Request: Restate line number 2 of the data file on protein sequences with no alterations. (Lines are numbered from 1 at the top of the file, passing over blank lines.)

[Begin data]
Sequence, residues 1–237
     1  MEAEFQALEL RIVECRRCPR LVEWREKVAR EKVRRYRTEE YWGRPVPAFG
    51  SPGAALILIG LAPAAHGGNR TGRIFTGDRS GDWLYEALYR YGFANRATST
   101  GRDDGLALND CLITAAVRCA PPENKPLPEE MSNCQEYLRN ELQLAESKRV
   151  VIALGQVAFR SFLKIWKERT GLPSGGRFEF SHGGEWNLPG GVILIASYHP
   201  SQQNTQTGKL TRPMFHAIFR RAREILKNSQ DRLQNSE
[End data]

     1  MEAEFQALEL RIVECRRCPR LVEWREKVAR EKVRRYRTEE YWGRPVPAFG